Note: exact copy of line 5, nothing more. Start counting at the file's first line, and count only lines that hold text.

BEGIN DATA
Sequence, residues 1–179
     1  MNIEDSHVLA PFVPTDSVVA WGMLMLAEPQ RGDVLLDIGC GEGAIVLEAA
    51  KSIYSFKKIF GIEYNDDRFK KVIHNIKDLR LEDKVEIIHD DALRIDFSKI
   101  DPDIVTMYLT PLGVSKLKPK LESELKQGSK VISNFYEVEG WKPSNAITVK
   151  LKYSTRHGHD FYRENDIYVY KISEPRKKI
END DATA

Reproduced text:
   151  LKYSTRHGHD FYRENDIYVY KISEPRKKI